New Business - Brady Kappius and Broken Carbon

Brady Kappius (2010 Morgul Bismark) Photo Credit: 303Photo

Living in the cycling hot bed of Colorado new cycling related businesses are popping up all the time. A few weeks ago we highlighted GoVelo Sports and today we are talking with Brady Kappius and his business Broken Carbon.

[303Cycling] Tell us a little about Brady Kappius (i.e. education, experience, cycling etc)
[Brady] I started racing bikes at the age of four with the encouragement of my Dad who was racing at the time (and still is). Continuing in his footsteps, I choose to get an engineering degree from the Colorado School of Mines in Metallurgical and Materials Engineering. I then continued my education at the University of Colorado at Boulder with a degree in Mechanical Engineering. I currently race mountain bikes and cyclocross professionally for Clif Bar. I've always enjoyed tinkering with stuff and my first carbon experience was about 5 or 6 years ago making carbon fiber bottle cages. Since then, I've learned a lot more about carbon through my own experience as well as through my formal education. I am happy to provide a service that I think is useful to many people. 

[303Cycling] Give us some background on Broken Carbon (i.e. services, cost, experience etc)?
[Brady] Broken Carbon can repair a wide range of damaged carbon frames and components. My most common repairs come from crashes, shipping damage, and simple accidents where the bike happens to fall over. Prices can vary depending on the severity of damage, but the range is usually from $100 to $200. I have also repaired carbon wheels but they can be a little more tricky with brake surfaces. My range of service is pretty diverse, I've done some fun stuff with aero bars, disc wheels, and downtube protectors.  Everyone is encouraged to shoot me their ideas or problems. I'm always up for a project! Turn around times are quick, on average around a week with expedited repairs down to 24 hours possible.  Surface finishes are all nude carbon with your choice of matte or gloss and unidirectional or a 3K weave pattern.

[303Cycling] Does repairing your bike affect the ride of the bike?  Weight
[Brady] The repair is essentially unnoticeable once you are on your bike. I optimize the fiber layups to match those of the damaged area so the flex characteristics match. There might be a slight increase in weight due to overlapping layers of carbon but it shouldn't add more than 5-50 grams depending on the size of the damage. 

[303Cycling] Anything else you would like to add?
[Brady] Carbon fiber gets a reputation as being a poor material for bikes because of it's impact resistance. While this is true, it also offers the ability to repair it much more easily than any metal frame. If you have a big dent in your aluminum frame, there is essentially no chance to ride that frame again. With carbon, it can be repaired and you will be back on the road or trail quickly!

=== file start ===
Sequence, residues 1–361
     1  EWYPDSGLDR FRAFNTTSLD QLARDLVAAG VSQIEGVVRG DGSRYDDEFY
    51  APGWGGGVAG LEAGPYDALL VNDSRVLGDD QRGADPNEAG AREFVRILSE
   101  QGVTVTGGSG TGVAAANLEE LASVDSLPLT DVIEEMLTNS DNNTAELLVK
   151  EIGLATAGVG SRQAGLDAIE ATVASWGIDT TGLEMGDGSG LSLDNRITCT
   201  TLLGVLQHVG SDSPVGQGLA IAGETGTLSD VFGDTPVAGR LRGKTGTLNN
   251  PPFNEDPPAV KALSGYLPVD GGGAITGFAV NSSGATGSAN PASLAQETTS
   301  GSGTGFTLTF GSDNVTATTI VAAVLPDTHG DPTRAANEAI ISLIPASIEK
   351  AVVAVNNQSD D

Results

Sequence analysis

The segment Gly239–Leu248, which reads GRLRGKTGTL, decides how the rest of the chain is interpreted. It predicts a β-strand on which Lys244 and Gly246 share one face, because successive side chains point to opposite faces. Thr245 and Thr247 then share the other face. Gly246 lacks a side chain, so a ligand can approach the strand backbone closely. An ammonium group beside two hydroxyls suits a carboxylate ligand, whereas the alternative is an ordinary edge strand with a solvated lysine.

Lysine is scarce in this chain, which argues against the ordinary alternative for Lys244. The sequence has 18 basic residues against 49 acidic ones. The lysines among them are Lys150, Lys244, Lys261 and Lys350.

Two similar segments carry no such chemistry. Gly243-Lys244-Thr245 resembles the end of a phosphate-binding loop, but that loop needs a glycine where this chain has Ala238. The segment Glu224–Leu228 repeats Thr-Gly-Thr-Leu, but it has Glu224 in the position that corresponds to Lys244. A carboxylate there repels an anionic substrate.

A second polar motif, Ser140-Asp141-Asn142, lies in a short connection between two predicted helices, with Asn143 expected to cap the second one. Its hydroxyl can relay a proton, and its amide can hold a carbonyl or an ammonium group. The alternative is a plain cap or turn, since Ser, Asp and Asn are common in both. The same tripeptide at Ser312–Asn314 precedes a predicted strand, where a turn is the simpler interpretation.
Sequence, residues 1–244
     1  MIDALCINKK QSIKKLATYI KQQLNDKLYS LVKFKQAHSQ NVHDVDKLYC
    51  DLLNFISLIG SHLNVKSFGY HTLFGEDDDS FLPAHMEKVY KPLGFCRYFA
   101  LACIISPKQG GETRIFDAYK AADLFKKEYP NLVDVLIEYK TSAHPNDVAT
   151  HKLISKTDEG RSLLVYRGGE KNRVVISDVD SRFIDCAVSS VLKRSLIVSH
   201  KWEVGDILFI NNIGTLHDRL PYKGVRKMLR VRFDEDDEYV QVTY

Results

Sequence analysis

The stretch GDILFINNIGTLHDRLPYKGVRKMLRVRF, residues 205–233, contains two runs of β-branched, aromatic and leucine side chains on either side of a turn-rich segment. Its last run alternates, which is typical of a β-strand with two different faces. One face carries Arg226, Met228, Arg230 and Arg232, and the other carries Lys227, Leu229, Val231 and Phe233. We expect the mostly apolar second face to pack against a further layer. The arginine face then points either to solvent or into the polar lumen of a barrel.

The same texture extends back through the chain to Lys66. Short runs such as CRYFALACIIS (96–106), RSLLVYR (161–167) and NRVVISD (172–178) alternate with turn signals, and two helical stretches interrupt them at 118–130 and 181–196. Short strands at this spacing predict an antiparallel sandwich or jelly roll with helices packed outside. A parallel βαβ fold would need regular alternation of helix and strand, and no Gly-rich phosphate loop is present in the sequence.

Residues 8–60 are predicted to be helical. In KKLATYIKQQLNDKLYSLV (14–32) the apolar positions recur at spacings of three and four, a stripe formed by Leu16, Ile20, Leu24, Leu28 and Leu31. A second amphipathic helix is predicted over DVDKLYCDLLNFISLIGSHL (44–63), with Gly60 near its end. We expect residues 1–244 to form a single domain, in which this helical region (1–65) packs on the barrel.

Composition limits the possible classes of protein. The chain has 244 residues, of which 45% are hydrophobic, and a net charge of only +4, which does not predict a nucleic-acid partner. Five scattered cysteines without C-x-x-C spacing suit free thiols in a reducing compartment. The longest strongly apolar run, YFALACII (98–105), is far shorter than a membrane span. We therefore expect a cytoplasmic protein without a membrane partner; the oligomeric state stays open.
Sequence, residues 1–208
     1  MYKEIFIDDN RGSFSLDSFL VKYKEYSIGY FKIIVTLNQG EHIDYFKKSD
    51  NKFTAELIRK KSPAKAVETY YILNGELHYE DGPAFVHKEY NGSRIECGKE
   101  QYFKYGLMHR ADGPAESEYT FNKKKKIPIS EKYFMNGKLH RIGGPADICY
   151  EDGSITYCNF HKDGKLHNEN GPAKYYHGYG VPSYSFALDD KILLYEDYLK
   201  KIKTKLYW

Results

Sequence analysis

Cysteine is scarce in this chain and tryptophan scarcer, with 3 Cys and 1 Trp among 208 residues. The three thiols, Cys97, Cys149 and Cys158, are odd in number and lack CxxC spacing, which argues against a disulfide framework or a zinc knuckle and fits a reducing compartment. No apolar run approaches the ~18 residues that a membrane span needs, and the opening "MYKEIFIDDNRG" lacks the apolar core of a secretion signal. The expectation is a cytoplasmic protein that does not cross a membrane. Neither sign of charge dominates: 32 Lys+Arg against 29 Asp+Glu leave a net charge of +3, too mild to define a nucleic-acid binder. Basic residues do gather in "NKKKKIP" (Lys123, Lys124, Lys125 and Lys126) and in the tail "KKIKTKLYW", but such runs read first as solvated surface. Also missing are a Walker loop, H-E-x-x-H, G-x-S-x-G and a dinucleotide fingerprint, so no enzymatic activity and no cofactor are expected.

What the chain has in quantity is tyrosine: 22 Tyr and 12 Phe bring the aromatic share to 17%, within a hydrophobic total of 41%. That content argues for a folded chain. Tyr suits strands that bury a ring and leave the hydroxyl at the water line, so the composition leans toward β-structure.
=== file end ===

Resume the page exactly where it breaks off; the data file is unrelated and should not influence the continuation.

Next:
News Item: 


Testimony, Ridley X-Fire

This past fall I had an incident where someone had played with the seat height on one of my two Ridley X-Fire race bikes. Let's just say where the bikes normally fit under the car port, one no longer did. And with 1" of seat post in the seat tube, the top of the car port pushed the saddle back and cracked the carbon around the seatpost clamp.

In comes Brady. Repaired my bike in 3 days before a trip to LA to race some UCI CX races over the weekend. The bike has been raced regularly as my 'A' bike with no problem. The repair job is only noticeable if you're looking for it. Excellent work and highly recommend other people give him a try. Your other options are Calfee ($$$ and a long long return time) and/or buying a replacement.

I'll have to get a photo up here to show the repair, it's much more aesthetically pleasing than the samples up there currently.

Thanks Brady and good luck with business!

Back From The Dead

Brady resurrected my Teschner track frame from the grave after a good buddy of mine did a rail grind at BIC on it. Fortunately he was ok, but the top tube and R chainstay were completely smashed' they looked like they had been hit with hammers. Brady took it in for some TLC and gave it some carbon love, now its back to life! Any other frame material would be completely unrepairable (short of welding in new tubes) but I have a great bike back in service now. Plus it looks like it got wrapped in carbon hockey tape- totally pro. The frame would have been a throw away if he had not performed this procedure, so I am grateful he is so crafty. The Teschner lives! Brady is The Man.